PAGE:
As an initial matter, we conclude that the application established probable cause to search Gentles's home, even if it did not establish probable cause to search a particular address. The application described the illicit information exchanged during the online chat between a federal agent and an adult male. Attached to the application were screen captures of the chat, including an image of an adult male masturbating. Moreover, the application explained that records obtained from the Internet provider identified Gentles as the Internet service account holder. From this information, the issuing judge could reasonably infer that the federal agent subpoenaed information related to the suspect's IP address and that Gentles, as the account holder, probably was the adult male engaged in the unlawful online activity described in the application. Because the items listed in the search warrant—computers, webcams, and other electronic media and storage devices—generally are kept in one's home, it follows that probable cause existed to search Gentles's home. See United States v. Cowling, 648 F.3d 690, 696 (8th Cir. 2011) (holding that probable cause existed to search the defendant's residence because the warrant affidavit established probable cause that the defendant possessed stolen firearms and because people generally keep firearms at home or on their persons); United States v. McArthur, 573 F.3d 608, 613-14 (8th Cir. 2009) (“The observation that images of child pornography are likely to be hoarded by persons interested in those materials in the privacy of their homes is supported by common sense and the cases.” (alteration omitted) (quoting United States v. Riccardi, 405 F.3d 852, 861 (10th Cir. 2005))).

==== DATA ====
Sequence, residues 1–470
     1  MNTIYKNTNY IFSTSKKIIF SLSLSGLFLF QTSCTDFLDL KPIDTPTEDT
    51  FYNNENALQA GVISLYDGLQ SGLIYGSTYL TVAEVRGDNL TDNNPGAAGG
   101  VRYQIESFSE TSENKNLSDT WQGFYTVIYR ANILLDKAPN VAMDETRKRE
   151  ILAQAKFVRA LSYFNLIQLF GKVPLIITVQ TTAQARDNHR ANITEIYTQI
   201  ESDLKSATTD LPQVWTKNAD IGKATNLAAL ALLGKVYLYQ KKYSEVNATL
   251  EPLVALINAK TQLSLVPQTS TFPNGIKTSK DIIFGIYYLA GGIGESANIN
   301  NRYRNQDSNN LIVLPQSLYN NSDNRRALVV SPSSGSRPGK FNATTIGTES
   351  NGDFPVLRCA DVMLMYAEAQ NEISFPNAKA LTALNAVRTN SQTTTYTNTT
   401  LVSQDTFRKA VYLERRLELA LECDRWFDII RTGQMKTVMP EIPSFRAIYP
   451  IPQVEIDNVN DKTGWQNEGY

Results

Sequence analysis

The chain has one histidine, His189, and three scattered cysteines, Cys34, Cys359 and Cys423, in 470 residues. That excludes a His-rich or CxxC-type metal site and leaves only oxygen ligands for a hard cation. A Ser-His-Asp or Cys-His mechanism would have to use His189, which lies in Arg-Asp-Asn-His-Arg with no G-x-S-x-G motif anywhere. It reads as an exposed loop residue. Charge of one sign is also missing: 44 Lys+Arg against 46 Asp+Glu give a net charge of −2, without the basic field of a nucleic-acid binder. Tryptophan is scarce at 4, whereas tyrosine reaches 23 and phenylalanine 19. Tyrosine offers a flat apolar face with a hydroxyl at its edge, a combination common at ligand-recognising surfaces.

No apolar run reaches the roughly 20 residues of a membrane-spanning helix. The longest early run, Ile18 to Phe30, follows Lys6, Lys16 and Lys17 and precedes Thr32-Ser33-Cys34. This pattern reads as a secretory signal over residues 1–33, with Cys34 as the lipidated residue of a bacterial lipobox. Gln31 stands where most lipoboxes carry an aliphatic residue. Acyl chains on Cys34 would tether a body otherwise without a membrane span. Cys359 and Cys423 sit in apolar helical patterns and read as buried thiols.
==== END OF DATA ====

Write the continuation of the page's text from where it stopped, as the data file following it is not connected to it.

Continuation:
Gentles argues that the application did not set forth any “evidentiary support ․ that anything illegal would be found at 103 5th Street, Mill Spring, Missouri.” Assuming without deciding that the application was insufficient to establish probable cause to search that particular address, we hold that the good-faith exception to the exclusionary rule applies in this case. See Warford, 439 F.3d at 841 (“In reviewing a district court's denial of a motion to suppress, we may consider the applicability of the good-faith exception to the exclusionary rule before reviewing the existence of probable cause.”).